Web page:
• Expression of stem cell markers with flow cytometry (Question 3): Expression of the stem cell marker, CD34, would favor a diagnosis of ALL, however this cannot be relied upon for T-ALL, which often do not express stem cell markers.2,3 Furthermore, we and others4 have found that some B cell lymphomas can weakly express CD34. One would also expect T-ALL to be double negative for CD4 and CD8 (since these markers are acquired in the thymus), but in reality some T-ALL can be double or singly positive for CD4 and CD8.Flow cytometric analysis of a peripheral lymph node aspirate in this case revealed that the neoplastic cells were positive for CD45 (common leukocyte antigen), CD3 (T cell marker), MHCII and CD4 (helper/regulatory T cell marker). They were negative for CD34 and CD5 (T cell marker, aberrant expression).
  • Severity of cytopenias: ALL is more likely to induce multiple and severe cytopenias (due to extensive marrow involvement or myelophthisis). This dog only had solitary thrombocytopenia. In our experience, an unexplained thrombocytopenia (and sometimes neutropenia) can be found in dogs and horses with lymphoma. However, not all animals with acute leukemia (whether myeloid or lymphoid) have a concurrent bi- or pancytopenia. Thus, the lack of anemia and neutropenia may (weakly) argue for a primary lymphoma in this case.
  • Other findings: Hypercalcemia is more common with T cell lymphoma than T-ALL.
  • Main site of involvement: Ultimately, the final diagnosis of lymphoma versus ALL will rely on determination of the main site of involvement –  extramedullary site for lymphoma or bone marrow for ALL. In this case, this is difficult because some but not all of the peripheral lymph nodes were enlarged and the bone marrow was substantially infiltrated, which would favor a diagnosis of ALL.

If we take all the results of this dog together, more things “fit” with lymphoma than ALL – hypercalcemia, solitary cytopenia, peripheral and internal lymphadenopathy, and patchy, but extensive, infiltrates in marrow. Even though there was  relative myeloid and erythroid hypoplasia in the bone marrow, production of erythrocytes and neutrophils appeared unimpaired based on counts in peripheral blood. Indeed, the flow cytometric results support a diagnosis of CD4+ peripheral T cell lymphoma, as reported by Avery et al (2014).5  These lymphomas can behave in an aggressive fashion and decreased expression of CD5 and large cell size (both seen in this case) are considered negative prognostic indicators. Hypercalcemia and mediastinal masses have also been identified in 50% and 43% of the cases, respectively.5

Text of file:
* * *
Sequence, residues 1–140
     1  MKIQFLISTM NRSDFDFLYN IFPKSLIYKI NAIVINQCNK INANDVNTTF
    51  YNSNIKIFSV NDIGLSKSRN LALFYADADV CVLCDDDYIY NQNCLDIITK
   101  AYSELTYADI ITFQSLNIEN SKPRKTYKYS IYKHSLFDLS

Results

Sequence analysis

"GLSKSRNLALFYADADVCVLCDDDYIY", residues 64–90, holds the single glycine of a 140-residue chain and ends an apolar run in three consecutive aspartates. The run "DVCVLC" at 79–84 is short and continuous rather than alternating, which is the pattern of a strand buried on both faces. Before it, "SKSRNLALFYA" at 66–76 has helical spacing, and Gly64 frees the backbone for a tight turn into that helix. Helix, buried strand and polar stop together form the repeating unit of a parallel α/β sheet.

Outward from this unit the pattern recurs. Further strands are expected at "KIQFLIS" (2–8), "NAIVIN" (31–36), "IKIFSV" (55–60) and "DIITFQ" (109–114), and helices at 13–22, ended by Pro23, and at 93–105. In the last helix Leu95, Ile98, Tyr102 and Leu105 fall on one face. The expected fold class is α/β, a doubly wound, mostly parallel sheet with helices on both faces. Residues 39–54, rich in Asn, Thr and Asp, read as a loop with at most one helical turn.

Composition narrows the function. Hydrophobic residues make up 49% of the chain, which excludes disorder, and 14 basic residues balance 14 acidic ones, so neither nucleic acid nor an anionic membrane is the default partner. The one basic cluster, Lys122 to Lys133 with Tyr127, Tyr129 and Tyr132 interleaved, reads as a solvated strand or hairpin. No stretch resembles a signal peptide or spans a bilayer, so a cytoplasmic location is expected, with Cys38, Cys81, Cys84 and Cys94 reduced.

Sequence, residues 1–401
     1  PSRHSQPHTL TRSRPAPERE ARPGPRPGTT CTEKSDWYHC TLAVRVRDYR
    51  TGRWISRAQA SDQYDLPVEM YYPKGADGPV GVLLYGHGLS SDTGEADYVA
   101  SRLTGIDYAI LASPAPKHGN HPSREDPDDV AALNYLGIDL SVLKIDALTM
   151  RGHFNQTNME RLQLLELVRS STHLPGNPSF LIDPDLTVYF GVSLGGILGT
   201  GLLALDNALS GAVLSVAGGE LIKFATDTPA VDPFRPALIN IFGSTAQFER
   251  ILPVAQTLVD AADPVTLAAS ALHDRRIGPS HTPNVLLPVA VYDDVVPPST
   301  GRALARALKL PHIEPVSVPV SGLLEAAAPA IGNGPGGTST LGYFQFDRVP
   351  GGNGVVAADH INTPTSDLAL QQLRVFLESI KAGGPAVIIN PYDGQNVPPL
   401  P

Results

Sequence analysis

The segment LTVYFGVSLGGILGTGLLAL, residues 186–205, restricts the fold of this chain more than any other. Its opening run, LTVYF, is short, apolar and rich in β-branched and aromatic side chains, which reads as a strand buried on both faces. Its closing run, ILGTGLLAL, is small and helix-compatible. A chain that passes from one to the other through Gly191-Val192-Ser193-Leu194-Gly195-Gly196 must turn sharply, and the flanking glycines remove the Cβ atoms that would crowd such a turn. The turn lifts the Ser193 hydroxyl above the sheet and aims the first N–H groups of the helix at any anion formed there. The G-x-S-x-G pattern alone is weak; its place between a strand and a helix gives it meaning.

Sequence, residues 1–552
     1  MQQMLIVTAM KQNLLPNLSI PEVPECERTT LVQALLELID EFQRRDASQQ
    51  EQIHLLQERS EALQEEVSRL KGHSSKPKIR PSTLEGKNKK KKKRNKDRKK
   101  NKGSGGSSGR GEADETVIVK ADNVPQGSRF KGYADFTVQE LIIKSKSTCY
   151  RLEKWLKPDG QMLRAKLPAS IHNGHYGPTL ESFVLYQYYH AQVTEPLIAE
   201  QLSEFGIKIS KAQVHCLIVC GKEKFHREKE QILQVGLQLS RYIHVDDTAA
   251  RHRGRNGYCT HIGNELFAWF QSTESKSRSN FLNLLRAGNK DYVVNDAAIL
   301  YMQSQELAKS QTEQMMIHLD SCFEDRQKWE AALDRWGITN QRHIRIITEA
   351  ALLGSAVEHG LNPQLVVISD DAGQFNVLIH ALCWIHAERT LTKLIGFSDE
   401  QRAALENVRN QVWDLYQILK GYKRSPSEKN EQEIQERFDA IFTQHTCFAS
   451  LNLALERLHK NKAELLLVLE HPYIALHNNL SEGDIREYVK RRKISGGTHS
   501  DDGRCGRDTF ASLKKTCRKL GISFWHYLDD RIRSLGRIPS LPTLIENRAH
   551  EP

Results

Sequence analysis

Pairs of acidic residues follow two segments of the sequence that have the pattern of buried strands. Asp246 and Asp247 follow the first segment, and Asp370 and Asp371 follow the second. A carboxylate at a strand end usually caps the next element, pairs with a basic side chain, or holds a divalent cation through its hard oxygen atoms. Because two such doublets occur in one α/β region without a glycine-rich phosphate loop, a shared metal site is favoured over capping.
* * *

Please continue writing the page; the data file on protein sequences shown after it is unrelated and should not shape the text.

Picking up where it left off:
The thrombocytopenia in this case was attributed to the underlying lymphoid neoplasia (Question 2). Neoplasia may result in thrombocytopenia via several mechanisms, including: consumption (e.g. disseminated intravascular coagulation), decreased marrow production secondary to myelophthisis (possibly occurring in some areas of the marrow) and secondary immune-mediated destruction, which may be directed toward mature platelets or megakaryocytes.6,7 Other contributing factors could include sequestration of platelets in the spleen (if affected by diffuse infiltrative disease) and decreased platelet life span, which could also be due to immune-mediated mechanisms.6,7 The megakaryocytic hypoplasia suggests a decrease in platelet production was contributing to the peripheral thrombocytopenia. The cause of the hypoplasia is unknown but it could be secondary to direct suppresssive effects or possible immune-mediated destruction induced by the tumor. A contribution from concurrent platelet activation and consumption secondary to non-overt disseminated intravascular coagulation cannot be completely ruled out (coagulation testing was not done in this dog).